> Tim Byars wrote:
>> This is actually the most interesting thing here. Because what we have
>> happening as the new millennium approaches is some pretty interesting
>> changes in human behavior. Things like shopping malls, amusement parks,
>> parks in general for that matter, beaches, and so on exist because of a
>> basic human need for the "shared experience." The interesting thing we see
>> happening is humans seem to have less need for the "shared experience," or
>> it could be their getting it from things like chatrooms.
> That's a good point. The flip side could also be true, though, with a
> backlash against non-shared experience. In that case, all hail the res-
> urgence of the venerable shopping mall, since that has throughout
> been a comfortable place for humans to see other humans. I don't think
> that VR or the Web or whatever will kill shopping malls, but it will
> force them to redefine what exactly is their purpose.
Granted. And you see signs of that around here. Although I haven't happend
by the place the newest Mall is "The Bloc" in Santa Ana. As I understand it
it's sort of a Mall, street scene, theatre complex all rolled into one.
>> The same goes for sports. The idea of a "team sport" and win one for the
>> team is increasingly falling by the way side.
> Again, a good observation. But there's a difference between what we
> play and what we watch. X Games are not particularly highly rated and
> literally would not exist were it not for Cable TV and the cheapness
> of its programming. With the mediocre ratings they grab it's still
> profitable because the athletes work for free, etc. and sponsorship
> bucks from Billabong, RollerBlade, et al are free flowing. Hmm.. I
> may just contradict myself here.
X Games comment at the end.
>> Instead individual sports
>> like the X-Games and focus on individual players in a team sport, Michael
>> Jordon, Mark McGuire become increasingly the norm.
> Here's where my back gets up, being a Canadian. Hockey is a good
> example where it's difficult to find specific heroes. Gretzky was (is)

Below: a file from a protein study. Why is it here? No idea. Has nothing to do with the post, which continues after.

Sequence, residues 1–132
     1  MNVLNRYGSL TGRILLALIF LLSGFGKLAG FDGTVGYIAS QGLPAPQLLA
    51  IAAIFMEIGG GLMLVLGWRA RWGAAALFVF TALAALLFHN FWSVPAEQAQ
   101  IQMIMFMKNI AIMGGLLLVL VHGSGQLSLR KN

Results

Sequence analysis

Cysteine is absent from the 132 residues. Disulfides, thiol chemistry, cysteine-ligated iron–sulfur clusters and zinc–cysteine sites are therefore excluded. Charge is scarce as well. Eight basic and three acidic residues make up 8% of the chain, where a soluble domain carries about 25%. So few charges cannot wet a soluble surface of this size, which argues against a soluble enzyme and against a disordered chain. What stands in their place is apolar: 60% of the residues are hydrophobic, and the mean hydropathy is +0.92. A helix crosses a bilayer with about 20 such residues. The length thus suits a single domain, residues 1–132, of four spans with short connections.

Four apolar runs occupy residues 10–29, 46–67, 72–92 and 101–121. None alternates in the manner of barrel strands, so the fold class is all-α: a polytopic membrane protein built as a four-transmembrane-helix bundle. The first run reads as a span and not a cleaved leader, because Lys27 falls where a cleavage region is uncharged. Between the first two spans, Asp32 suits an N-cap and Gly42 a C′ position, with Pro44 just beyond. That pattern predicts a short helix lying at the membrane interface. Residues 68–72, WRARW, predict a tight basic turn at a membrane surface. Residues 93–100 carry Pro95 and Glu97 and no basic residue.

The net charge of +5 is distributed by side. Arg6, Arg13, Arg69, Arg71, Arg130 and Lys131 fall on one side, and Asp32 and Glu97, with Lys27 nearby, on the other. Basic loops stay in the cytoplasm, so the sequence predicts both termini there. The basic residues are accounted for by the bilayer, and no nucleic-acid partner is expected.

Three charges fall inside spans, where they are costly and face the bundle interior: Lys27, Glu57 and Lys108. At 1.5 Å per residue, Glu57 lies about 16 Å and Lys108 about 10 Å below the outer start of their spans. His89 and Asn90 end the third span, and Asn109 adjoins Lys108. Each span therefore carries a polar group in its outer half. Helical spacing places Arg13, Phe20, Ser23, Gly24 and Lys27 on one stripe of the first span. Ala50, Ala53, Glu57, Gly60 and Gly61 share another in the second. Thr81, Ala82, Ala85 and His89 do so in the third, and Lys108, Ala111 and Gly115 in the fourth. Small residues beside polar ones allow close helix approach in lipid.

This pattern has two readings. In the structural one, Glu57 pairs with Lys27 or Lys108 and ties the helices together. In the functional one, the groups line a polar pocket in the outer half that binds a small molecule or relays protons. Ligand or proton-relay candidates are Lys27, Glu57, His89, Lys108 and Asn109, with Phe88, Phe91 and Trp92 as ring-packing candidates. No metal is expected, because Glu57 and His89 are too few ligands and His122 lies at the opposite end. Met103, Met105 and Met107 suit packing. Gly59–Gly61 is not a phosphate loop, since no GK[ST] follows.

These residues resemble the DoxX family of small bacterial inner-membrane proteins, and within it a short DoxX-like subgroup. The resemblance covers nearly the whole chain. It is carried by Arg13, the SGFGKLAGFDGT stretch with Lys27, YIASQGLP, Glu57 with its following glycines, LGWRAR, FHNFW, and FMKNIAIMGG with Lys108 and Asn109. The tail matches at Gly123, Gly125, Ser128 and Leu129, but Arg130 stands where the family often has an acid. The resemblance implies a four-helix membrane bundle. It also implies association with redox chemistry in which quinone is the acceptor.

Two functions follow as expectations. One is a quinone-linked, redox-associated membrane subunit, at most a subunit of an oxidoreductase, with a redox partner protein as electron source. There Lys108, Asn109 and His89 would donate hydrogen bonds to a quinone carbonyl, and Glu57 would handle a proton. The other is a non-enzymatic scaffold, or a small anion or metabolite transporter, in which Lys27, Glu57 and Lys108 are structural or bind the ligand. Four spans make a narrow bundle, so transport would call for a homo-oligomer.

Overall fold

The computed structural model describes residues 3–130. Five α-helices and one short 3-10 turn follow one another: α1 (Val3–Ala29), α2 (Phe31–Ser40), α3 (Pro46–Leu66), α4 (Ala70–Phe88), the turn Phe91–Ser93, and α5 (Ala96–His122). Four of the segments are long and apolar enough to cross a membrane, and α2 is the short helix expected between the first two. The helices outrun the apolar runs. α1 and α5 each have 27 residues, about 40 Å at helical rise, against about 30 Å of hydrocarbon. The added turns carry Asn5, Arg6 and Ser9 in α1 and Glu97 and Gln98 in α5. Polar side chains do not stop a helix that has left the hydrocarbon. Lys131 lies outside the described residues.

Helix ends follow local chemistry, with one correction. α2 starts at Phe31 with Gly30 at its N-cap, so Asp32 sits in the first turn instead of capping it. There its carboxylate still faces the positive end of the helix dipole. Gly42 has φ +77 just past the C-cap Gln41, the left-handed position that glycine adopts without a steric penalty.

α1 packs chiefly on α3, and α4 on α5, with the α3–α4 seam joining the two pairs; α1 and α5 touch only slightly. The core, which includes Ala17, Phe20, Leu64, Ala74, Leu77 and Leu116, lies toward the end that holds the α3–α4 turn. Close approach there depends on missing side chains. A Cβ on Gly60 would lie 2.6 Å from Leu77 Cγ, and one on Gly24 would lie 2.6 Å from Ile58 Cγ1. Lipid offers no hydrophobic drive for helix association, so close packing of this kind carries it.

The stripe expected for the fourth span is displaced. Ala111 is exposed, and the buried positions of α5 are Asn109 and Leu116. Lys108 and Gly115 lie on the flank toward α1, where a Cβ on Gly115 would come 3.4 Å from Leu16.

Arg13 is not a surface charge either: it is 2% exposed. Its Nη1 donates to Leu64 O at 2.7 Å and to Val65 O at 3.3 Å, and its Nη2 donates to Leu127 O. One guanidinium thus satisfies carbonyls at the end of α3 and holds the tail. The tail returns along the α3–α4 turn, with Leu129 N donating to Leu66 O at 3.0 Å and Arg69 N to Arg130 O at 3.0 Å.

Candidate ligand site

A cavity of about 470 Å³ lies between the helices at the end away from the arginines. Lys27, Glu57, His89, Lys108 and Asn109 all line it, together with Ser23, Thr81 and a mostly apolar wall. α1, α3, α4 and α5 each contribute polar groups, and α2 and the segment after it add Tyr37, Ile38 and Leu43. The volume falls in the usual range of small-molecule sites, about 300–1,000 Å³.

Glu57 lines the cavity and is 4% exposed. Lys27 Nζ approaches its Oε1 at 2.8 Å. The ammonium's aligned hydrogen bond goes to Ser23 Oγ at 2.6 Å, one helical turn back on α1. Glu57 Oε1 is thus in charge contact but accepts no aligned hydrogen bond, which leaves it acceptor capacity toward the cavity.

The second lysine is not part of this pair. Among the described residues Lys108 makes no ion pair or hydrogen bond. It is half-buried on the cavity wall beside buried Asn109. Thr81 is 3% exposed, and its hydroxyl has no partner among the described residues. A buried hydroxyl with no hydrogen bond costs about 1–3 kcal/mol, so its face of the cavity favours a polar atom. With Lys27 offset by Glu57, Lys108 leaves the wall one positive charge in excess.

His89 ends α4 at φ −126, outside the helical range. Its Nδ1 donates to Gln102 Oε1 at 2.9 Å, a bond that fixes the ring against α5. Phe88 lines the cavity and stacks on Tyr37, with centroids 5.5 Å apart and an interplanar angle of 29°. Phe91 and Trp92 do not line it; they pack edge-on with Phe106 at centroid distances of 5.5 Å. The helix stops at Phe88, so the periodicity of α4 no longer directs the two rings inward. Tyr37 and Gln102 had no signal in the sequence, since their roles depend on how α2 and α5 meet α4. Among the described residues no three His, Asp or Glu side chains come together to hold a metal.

> about as close as they come to "individual" play, but even he gained
> most of his points from assists. Every team has a couple of super-
> stars, but if you really watch the game they don't particularly stand
> out in the same way that a Michael Jordan or McGuire will stand out.
> This contributes to my theory that hockey will never market well in the
> US because Americans like sports heroes -- which means they like team
> sports that have specialists like McGuire, a mediocre thrower at best.
Hockey will never succeed in the U.S. because they are fucking up every
time. Take the Kings. Prolly the best Hockey team ever assembled. (the team
under Coach Webster) They went to the play offs, but didn't win, what did
they do? Fire the coach, trade off the players. Same with the Ducks first
season. Same with Rangers after the cup. Etc. It's takes time to build fan
loyality. I used to be a big mark for hockey. Now I couldn't tell you the
first thing about what is going on.
> This goes back hundreds of years where Americans have vilified heroes
> in every era, whether it's George S. Patton, Martin Luther King, George
> Washington, Charles Lindbergh, etc. etc. Canada really has VERY few
> such heroes, as well as a predominantly socialist value system, which
> might to some degree explain why the metaphors of the team vs. team
> struggles in hockey are more appreciated and more marketable.
Granted we do live in a hero culture.
> A good example here is Nike. Nike bought Bauer and Cooper, two Canadian
> companies who make their bread and butter selling hockey equipment to
> people like me. Everybody thought that Nike was going to take over the
> world of hockey and that swooshes would be everywhere. If you watch
> Nike's advertising, it is extremely focused on hero culture. Look at
> their athletes: Jordan, Tiger Woods, Deion Sanders, et al -- these
> are textbook American heroes.
I'm glad you brought up Nike.
> Anyway, back to the point, team sports have never really been alive
> in the US, but as long as there's a hero to worship you will always
> have lots of people interested, out there buying authentic jerseys and
> track suits.
The first year the X-Games were on TV Nike's revenue went up something like
50%. Nike couldn't figure out what caused the increase (they didn't get the
connection) After looking over what was selling it turned out to be things
like hiking, camping, watersports, basically X related goods. Not
traditional Nike markets. People chose the Nike brand because it was such a
strong brand. It crossed over. Nike then doubled it's efforts in X related
categories and is still the dominant brand. (Overall)
Happy Holidays! And the best of New Years...
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